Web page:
November 22, 2016 - While treating a patient recently, Eileen Moore, MD, associate dean for community education and advocacy at Georgetown University School of Medicine, found herself frustrated that the patient’s asthma continued to worsen, despite using an escalating treatment regimen including a beta agonist rescue inhaler, then an inhaled corticosteroid, then finally oral steroids and back to back nebulizer treatments.
“I was close to sending her to the ER when I asked her to tell me more about her apartment,” says Moore. “She told me that in place of glass in her window, there was cardboard – and it was freezing outside. The conditions were horrible.”
While Moore’s experience illustrates the limits of medical professionals who work with disadvantaged patients in DC, it also identified an opportunity for collaboration. After Moore asked an attorney friend to send a letter to the landlord on the patient’s behalf, the window was quickly repaired.
“That spoke clearly of the power of a medical-legal partnership, and underscored the need to address the health harming social determinants of health. It is my hope and my expectation that the Georgetown University Health Justice Alliance will empower providers to delve into these critical elements of each patient's history,” she says.
Despite their best efforts, Georgetown physicians and students are frequently frustrated when their patients face legal hurdles that interfere with their health and well-being. To help overcome such obstacles, faculty from the Georgetown University Medical Center, including the School of Medicine, and Georgetown University Law Center signed a formal agreement November 8 to form the Georgetown University Health Justice Alliance.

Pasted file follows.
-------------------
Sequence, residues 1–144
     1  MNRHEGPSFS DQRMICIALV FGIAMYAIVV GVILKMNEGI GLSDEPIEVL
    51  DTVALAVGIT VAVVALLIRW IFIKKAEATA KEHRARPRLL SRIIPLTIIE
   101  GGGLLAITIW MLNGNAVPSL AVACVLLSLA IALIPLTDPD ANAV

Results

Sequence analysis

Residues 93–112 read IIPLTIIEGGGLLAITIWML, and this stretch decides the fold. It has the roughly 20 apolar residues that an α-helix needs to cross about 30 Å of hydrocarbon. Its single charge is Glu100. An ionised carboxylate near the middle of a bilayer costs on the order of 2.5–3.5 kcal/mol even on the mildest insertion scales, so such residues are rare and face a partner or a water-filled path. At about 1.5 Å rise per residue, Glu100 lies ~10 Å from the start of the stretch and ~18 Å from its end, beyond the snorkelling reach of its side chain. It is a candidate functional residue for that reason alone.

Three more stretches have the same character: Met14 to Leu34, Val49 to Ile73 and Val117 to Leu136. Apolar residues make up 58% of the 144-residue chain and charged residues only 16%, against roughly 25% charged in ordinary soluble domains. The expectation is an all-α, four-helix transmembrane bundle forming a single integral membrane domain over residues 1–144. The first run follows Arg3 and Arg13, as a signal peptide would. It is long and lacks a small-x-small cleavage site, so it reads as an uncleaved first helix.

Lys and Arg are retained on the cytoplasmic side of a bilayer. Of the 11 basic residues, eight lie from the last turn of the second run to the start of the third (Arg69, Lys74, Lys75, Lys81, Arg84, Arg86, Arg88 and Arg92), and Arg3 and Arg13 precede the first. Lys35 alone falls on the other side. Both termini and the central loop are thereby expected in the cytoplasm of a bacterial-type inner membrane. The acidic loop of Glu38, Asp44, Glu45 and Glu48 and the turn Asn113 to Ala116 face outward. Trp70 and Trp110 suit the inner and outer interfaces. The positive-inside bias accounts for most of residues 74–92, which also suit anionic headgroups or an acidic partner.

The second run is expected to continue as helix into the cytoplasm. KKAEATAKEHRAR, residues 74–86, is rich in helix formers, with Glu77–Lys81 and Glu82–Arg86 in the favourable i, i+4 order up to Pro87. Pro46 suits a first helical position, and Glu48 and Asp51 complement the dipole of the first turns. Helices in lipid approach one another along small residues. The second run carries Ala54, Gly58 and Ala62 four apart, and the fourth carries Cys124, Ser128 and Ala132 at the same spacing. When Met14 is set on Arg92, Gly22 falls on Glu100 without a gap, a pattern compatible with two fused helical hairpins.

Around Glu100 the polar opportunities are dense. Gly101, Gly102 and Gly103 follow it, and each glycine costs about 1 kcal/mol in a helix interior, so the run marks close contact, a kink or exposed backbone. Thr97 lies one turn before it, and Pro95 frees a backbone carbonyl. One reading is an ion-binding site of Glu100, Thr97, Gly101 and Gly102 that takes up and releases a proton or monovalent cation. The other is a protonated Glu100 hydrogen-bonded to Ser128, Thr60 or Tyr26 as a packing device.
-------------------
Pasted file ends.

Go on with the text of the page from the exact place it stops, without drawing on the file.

The Alliance will bring Georgetown medical students together with their counterparts at the Law Center to serve the most disadvantaged DC area residents, which has long been a pursuit of many Georgetown medical students. It is also of increasing interest to Georgetown law students because of the “bridge” built three years ago between the campuses by two academics who realized that collaboration could offer a more holistic approach to caring for those in need and helping to reduce health disparities.
“Medical students are hungry for this collaboration, which they view as a way to reduce existing high barriers to effective care,” says Moore.
“Law students are equally excited to become part of the treatment team as advocates fighting to help poor patients navigate and access legal rights that impact health entitlements that are already established but are frequently ignored or misunderstood,” says Vicki Girard, professor of legal research and writing and co-director of the Georgetown University Health Justice Alliance at the Law Center.
“Medical-legal partnerships are part of a growing national movement, and the Georgetown University Health Justice Alliance is helping to lead the way. By dedicating not only health clinic space, but significant Law Center and Medical Center faculty, student and research resources, the University is working to establish best practices in this type of health care system transformation,” says Yael Cannon, a visiting associate professor from the University of New Mexico who is helping Moore and Girard establish the Alliance.
Endless examples of thwarted care